In the concluding part of this two-part series, we look at what prevented builders and the government from rushing to the aid of construction labourers during the lockdown. In Part 1 ‘Why Bhuvilal Mahato stayed back in Bengaluru’ we saw how migrant workers who were looked after by their employers, did not feel the need to leave the city.
For migrant workers in Bengaluru, the promise of deliverance after a traumatic locked down lasted briefly. No sooner did Chief Minister B S Yediyurappa announce shramik special trains to ferry them back to their States, the Confederation of Real Estate Developers’ Association of India prevailed upon him to reverse the decision.
Construction activity had just been struck off the list of don’ts in Lockdown 3.0, beginning May 4. All but forgotten for over 40 days, workers, much as they wanted to go back to their families, were left with no means of transport.
The public outrage against the CM’s decision was immense. Social media showed workers trying to walk thousands of kilometres to their homes. Some who approached police stations to apply for passage were lathi charged.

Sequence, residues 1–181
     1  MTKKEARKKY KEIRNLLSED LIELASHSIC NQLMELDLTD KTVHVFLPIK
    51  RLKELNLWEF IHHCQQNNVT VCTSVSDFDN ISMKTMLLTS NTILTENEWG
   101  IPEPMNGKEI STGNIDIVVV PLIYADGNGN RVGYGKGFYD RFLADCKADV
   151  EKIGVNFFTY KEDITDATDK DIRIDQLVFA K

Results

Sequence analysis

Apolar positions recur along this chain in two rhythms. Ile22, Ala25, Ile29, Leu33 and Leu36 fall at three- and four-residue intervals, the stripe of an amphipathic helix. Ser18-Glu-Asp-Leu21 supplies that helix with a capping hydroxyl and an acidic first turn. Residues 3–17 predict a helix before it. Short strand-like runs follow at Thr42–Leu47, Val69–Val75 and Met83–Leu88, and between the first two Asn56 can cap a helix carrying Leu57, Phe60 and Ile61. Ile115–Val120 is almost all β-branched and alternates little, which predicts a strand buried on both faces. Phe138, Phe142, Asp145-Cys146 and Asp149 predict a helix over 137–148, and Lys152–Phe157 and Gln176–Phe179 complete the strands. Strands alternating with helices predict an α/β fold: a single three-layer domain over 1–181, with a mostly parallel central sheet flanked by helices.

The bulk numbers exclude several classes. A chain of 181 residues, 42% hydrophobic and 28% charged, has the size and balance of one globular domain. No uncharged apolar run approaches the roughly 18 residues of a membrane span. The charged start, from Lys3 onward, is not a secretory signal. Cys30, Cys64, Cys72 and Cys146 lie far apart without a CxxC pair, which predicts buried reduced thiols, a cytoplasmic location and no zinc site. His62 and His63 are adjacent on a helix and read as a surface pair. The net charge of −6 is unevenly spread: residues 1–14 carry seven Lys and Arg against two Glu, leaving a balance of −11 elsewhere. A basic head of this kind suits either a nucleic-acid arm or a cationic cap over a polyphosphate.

Trains have resumed since, thanks to the public backlash, but the process of applying, paying and waiting for their turn for a ride back home seems to be as dehumanising as the lockdown was for them.
The reasons for a large number of workers wanting to leave even though construction activity has resumed, are many: they range from emotional reasons to downright existential issues like lack of food, money, care and a sense of abandonment.
Senthil S, a Corona Volunteer who helped many construction workers during the lockdown, says that most workers who want to leave are those who have not been taken care of by the builder/contractor/government, and those who are bachelors. “They have no family members or support system here. They have no money, no food, and are worried that if something happens to them, they will die alone.”